The other fix, forcing TypeWithConf to return a signature with (t =
unit), makes the "naming problem" go away: whatever functor you pass
as a parameter (either a path such as "Conf" or a struct exrpession),
the resulting type is equal to "unit", you don't have to try to name
it from the way it was constructed.

Core Suite 108.00.01 released


Yaron Minsky announced:
I'm pleased to announce the 108.00.01 release of the Core suite
of libraries.  Core is an industrial strength alternative to OCaml's
standard library.  The tarball can be found here:

The Core suite includes a variety of useful libraries, including:

- Core: the heart of the standard library.
- Several useful syntax extensions
 - type-conv: a library for building type-driven syntax extensions
 - sexplib: a library for handling s-expressions, and a syntax
   extension for auto-generating conversions between OCaml types and
 - bin-prot: a syntax-extensions for generating
 - pipebang
 - variantslib
 - comparelib
 - fieldslib
- Async: a monadic concurrency library.
- Core_extended: extra components that are not as closely vetted or as
 stable as Core.  This includes, Shell, an interface for interacting
 with the UNIX shell, and Command, a command-line parsing library.

Many of these libraries have been released separately in the past, but
we're now releasing them as a single tarball.  There are also individual
tarballs for the sub-packages available.

OCaml Users and Developers (OUD)


Didier Remy announced:
This is a reminder that the deadline for submitting a Talk Proposal to the
OUD workshop, our annual "OCaml meeting", is this Friday, 8th June 2012.

This year, the "OCaml Users and Developers workshop (OUD)" will be colocated
with ICFP in Copenhagen, Denmark on September 14th.

Please visit our website for more information
and submission details.

Camlp5 6.06 compatible with OCaml 4.00.0 released


Daniel de Rauglaudre announced:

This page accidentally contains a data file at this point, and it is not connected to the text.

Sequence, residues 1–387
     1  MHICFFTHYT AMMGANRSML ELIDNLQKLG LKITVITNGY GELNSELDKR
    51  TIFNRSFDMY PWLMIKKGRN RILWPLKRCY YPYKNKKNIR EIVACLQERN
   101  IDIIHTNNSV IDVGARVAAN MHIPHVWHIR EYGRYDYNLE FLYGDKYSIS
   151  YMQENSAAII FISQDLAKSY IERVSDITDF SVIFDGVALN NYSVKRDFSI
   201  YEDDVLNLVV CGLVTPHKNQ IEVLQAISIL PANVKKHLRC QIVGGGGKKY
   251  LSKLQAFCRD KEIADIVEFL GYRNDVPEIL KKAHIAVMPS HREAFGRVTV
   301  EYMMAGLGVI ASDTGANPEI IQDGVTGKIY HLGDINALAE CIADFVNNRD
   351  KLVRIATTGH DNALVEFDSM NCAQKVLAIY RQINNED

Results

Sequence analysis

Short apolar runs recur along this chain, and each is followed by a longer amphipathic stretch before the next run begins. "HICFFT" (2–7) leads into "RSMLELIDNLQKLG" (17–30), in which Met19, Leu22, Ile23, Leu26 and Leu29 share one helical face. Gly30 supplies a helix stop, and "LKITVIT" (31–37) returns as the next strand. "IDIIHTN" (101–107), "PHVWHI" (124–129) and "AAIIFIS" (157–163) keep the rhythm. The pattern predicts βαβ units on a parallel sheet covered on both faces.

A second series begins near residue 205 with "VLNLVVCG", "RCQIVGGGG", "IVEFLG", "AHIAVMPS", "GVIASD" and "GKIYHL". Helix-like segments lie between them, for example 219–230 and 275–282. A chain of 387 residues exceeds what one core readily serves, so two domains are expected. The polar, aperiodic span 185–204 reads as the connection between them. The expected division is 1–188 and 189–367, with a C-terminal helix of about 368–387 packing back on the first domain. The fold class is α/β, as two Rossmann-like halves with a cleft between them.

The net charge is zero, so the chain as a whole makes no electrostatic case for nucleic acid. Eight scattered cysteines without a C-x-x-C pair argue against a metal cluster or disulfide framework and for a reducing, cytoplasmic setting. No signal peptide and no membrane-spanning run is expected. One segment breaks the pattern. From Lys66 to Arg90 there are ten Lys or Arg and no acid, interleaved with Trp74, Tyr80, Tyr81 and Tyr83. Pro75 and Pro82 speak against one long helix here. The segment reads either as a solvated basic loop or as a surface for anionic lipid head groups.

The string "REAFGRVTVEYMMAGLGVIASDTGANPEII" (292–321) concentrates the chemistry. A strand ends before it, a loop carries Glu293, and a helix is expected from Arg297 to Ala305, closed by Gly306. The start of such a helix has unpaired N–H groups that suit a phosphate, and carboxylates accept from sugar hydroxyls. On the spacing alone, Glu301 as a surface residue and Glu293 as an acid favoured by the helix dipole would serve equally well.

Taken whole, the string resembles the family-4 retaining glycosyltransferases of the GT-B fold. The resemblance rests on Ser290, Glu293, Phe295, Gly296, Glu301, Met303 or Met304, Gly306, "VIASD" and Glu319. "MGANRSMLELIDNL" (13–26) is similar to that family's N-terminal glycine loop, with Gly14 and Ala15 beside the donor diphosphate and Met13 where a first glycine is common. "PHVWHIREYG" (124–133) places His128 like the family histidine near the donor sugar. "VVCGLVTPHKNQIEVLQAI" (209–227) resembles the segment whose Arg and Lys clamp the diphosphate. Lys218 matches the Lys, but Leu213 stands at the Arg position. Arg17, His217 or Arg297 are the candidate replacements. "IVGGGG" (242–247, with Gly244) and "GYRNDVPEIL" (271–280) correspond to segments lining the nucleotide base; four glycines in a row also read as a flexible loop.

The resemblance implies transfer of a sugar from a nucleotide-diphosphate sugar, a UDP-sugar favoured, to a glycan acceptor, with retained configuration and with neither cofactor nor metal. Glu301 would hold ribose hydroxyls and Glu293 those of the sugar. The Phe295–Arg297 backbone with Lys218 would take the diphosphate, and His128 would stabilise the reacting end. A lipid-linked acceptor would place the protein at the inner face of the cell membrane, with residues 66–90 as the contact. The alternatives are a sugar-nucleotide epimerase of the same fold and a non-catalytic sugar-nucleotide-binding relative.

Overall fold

Camlp5 6.06, compatible with OCaml 4.00.0 has been released.
Camlp5 is a syntactic preprocessor for OCaml.

Download at:

New release of moca


Pierre Weis announced:
Relational types in Caml

We are pleased to announce the 0.7.0 version of Moca (a.k.a the Trianon
version), a general construction function generator for relational types in
Objective Caml.

In short:

Moca allows the high-level definition and automatic management of complex
invariants for data types; Moca also supports the automatic generation of
maximally shared values, independantly or in conjunction with the declared
invariants. In addition, a flag of the compiler triggers the generation of
memoized construction functions.

Moca's home page is
Moca's source files can be found at

Moca is developped by Pierre Weis, Frédéric Blanqui, and Richard Bonichon
(see the file AUTHORS in the main directory of the distribution).

What's new in this release ?

-- More stable code base: automatic test generation handles polymorphic types,
support of OCaml V3.12 syntax, many rewrttings and simplifications.

-- API (new user's features and facilities):

* Construction functions can be memoized:
- new option -memo.
- new option -memo-hash-table-size <int> to set the size of memoization
tables for construction functions.

-- Internals: new compilation scheme for construction functions.
* Compilation of listary generators rewritten from scratch.
* Compilation scheme of unary and binary generators no more uses
exceptions. A special ordering (per generator) is now generated to handle
associative/commutative generators.

-- New web site and enhenced documentation; in particular, the Ocamldoc
generated documentation is now available on the web site.

In conclusion:

Anyhow, we think Moca is now mature and reliable. Do give it a try and
don't hesitate to send your constructive remarks and contributions !

some camlp4 documentations


Hongbo Zhang said and Hendrik Tews replied:
> I have read camlp4 source tree for quite a long time, and compiled
> it here
> It's still preliminary, and contains many errors.

The current camlp4 documentation seems to be at

It would be nice, if you could put your findings there. Or if you
could place links to your document on the relevant pages.

Long ago I compiled a list of undocumented camlp4 features (now
at, some
points there do still apply.

Other Caml News

From the ocamlcore planet blog:
Thanks to Alp Mestan, we now include in the Caml Weekly News the links to the
recent posts from the ocamlcore planet blog at

The OCaml Installer for Windows:

OCaml, Ocsigen, Eliom, Ohm and Frameworks:

4WFTop and HDACT:

The pullback lemma:

One Web App = One Language:

Opa License Change: Not just AGPL anymore:

Old cwn

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Alan Schmitt